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Research Journal of Finance and Accounting ISSN 2222-1697 (Paper) ISSN 2222-2847 (Online) Vol 2, No 7/8, 2011

www.iiste.org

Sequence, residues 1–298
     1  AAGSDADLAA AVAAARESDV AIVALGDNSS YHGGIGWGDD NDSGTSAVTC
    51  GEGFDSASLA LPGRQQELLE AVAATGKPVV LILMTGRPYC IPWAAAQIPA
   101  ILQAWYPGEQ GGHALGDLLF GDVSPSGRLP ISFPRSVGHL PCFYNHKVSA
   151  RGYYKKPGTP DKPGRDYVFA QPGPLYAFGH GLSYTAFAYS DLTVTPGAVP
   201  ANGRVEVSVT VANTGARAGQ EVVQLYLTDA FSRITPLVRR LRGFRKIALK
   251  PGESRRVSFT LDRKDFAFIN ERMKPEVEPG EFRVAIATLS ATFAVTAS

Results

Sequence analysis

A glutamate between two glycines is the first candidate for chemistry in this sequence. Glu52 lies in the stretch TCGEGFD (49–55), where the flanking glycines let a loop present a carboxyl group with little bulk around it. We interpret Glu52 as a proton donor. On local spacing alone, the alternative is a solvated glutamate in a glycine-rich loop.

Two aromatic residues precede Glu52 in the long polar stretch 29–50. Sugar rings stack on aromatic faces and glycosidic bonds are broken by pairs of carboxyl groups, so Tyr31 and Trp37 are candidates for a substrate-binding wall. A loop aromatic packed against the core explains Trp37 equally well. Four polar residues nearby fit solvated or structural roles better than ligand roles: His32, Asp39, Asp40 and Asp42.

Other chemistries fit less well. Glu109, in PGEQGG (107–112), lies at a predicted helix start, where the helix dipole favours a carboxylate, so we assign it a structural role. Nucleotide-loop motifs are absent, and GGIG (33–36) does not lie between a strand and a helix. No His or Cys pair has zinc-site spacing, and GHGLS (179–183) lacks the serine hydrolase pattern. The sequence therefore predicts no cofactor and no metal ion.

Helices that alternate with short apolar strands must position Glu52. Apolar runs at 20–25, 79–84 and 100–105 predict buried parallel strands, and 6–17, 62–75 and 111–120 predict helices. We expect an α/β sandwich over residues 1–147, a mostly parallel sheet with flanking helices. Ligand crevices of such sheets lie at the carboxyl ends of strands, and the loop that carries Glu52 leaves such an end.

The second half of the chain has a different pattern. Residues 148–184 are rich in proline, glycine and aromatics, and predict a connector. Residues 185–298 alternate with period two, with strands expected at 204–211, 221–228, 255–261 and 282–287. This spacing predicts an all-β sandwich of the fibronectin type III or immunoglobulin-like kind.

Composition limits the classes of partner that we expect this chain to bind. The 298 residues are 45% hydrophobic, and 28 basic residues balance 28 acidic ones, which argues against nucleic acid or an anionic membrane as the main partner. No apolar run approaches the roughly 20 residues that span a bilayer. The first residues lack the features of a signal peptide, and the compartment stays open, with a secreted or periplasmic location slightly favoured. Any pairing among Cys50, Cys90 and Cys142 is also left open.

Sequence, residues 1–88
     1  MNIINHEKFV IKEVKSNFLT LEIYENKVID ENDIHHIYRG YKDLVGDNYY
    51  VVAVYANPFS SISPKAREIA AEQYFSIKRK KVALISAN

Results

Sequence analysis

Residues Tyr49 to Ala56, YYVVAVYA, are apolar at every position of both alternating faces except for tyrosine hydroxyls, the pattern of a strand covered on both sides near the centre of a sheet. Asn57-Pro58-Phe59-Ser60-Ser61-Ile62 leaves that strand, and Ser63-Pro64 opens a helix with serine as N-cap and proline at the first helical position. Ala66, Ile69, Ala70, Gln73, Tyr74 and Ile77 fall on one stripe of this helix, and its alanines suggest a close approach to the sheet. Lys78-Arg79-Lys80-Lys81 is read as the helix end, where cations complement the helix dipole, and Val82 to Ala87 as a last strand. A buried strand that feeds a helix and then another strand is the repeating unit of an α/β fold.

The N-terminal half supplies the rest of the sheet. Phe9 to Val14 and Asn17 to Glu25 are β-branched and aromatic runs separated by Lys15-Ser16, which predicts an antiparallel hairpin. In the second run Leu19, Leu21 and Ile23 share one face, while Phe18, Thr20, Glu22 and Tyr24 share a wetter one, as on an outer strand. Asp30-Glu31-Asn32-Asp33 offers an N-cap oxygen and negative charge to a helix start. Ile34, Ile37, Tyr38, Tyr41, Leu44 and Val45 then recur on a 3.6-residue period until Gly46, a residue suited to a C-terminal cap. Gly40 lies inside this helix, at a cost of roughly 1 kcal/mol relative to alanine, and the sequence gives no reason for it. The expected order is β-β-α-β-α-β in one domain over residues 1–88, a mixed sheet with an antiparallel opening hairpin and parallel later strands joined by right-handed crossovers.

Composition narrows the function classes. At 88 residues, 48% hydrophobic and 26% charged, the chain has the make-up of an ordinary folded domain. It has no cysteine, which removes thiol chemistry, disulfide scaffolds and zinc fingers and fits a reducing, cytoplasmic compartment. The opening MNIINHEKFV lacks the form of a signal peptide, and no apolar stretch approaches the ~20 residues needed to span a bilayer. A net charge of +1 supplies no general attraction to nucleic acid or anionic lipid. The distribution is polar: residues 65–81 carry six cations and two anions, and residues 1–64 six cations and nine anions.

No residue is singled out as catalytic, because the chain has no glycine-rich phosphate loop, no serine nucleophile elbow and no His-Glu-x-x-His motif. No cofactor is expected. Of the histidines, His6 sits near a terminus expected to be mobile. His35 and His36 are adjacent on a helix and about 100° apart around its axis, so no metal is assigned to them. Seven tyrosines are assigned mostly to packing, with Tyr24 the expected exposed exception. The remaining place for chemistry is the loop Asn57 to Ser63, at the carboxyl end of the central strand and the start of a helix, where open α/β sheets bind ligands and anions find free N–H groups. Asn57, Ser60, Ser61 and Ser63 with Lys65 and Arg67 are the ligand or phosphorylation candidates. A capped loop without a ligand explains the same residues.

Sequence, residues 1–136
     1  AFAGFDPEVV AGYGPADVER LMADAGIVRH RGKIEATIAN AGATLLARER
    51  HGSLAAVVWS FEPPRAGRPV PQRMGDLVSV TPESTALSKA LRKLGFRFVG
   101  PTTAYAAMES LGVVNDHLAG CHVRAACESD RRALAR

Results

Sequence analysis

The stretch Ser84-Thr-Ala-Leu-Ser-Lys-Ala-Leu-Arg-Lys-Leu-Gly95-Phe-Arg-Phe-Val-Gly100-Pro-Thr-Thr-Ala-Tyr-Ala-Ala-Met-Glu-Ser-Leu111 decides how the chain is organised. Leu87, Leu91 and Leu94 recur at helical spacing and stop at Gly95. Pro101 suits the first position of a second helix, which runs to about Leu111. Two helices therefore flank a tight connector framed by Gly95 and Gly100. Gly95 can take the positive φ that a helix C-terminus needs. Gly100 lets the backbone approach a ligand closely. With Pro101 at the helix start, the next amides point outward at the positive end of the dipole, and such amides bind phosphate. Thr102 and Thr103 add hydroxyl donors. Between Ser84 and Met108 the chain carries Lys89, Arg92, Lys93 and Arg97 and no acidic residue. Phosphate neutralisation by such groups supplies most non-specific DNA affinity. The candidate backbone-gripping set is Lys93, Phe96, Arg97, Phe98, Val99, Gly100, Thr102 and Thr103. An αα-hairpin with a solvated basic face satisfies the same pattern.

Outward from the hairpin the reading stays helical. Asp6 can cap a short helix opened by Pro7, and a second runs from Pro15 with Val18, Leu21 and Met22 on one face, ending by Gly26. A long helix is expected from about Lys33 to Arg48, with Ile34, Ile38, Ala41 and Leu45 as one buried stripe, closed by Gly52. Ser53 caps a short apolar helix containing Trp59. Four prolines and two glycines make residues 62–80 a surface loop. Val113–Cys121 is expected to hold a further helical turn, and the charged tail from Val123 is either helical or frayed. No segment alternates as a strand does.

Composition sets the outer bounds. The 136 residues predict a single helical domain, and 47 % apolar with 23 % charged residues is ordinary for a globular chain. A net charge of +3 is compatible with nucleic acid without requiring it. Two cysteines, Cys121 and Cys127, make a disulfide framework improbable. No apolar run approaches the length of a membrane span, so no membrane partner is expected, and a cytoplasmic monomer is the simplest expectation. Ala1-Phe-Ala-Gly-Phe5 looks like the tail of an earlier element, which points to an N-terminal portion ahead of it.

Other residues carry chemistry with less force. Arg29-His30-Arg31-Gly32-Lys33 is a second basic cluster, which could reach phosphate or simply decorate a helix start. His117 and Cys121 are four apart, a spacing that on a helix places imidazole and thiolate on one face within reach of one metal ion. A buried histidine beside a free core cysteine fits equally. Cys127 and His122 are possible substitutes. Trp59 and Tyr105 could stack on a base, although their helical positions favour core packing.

Liquidity Management and Commercial Banks’ Profitability in Nigeria Olagunju, Adebayo* Adeyanju Olanrewaju David Olabode Oluwayinka Samuel Department of Financial Studies, Redeemer’s University, Km46, Lagos-Ibadan Express way, Redemption city, Mowe, Ogun state E-mail: olagunju66@yahoo.com Abstract This study examined liquidity management and commercial banks’ profitability in Nigeria. The major aims of the study were to find empirical evidence of the degree to which effective liquidity management affects profitability in commercial banks and how commercial banks can enhance their liquidity and profitability positions. Considering the nature of the survey, quantitative methods of research were applied. In attempt to achieve the objectives of the study, several findings were made through the analysis of both the structured and unstructured questionnaire on the management of banks and the financial reports of the sampled banks. The data obtained from the Primary and Secondary sources were analyzed through collection, sorting and grouping of the data in tables of percentages and frequency distribution. We formulated a hypothesis, which were statistically tested through Pearson correlation data analysis. Findings from the testing of this hypothesis indicate that there is significant relationship between liquidity and profitability. That means profitability in commercial banks is significantly influenced by liquidity and vice versa. The study concluded that for the success of operations and survival, commercial banks should not compromise efficient and effective liquidity management and that both illiquidity and excess liquidity are "financial diseases" that can easily erode the profit base of a bank as they affect bank's attempt to attain high profitability-level. Finally the study recommends): The Central Bank should be encourage maintaining a flexible Minimum Monetary Policy [MPR] or discount rate so as to enable the commercial banks take advantage of the alternative measures of meeting the unexpected withdrawal demands, and reduce the tendency of maintaining excess idle cash at expense of profitability, the monetary authority should as a matter of urgency encourage and legitimate the use of credit cards and enforce cheque usage for huge amounts in the day to day business transaction, finally , interested researchers should dwell on the same area of this research extensively using a wider data and area of coverage. Key words: Liquidity Management, Profitability, Commercial Bank Introduction In every system, there are major components that feature paramount for the survival of the system. This is also applicable to the financial system. The banking institution had contributed significantly to the effectiveness of the entire financial system as they offer an efficient institutional mechanism through which resources can be mobilized and directed from less essential uses to more productive investments(Wilner,2000). In the performance of this financial inter-mediation role, the financial institutions have proved to be an effective channel between savers and borrowers. Among the financial institutions that make themselves available for this all-important role are merchant banks, savings banks, the Central bank, development banks and commercial banks. Commercial banks have overtime become very important institutions in the financial system as they function as retail banking units facilitating the transfer of financial assets that are well desired from some part of the public (Fund Lenders) into other financial assets which are more widely preferred by greater part of the public (fund seekers). In view of this role and of the fact that the activities